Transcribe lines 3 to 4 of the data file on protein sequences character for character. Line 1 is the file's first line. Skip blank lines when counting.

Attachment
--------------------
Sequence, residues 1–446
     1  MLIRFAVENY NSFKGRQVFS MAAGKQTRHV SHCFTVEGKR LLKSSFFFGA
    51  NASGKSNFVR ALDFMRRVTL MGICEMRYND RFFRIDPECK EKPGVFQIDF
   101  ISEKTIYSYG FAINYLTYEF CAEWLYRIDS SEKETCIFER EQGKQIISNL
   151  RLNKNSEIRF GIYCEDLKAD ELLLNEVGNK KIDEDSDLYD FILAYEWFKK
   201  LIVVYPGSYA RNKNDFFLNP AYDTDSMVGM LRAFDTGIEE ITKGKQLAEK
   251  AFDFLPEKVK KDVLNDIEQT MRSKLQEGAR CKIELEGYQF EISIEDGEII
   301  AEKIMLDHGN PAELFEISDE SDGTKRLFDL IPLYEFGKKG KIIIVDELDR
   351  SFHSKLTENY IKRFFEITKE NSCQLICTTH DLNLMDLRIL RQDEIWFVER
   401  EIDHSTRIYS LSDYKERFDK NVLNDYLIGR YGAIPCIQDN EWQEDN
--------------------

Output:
    51  NASGKSNFVR ALDFMRRVTL MGICEMRYND RFFRIDPECK EKPGVFQIDF
   101  ISEKTIYSYG FAINYLTYEF CAEWLYRIDS SEKETCIFER EQGKQIISNL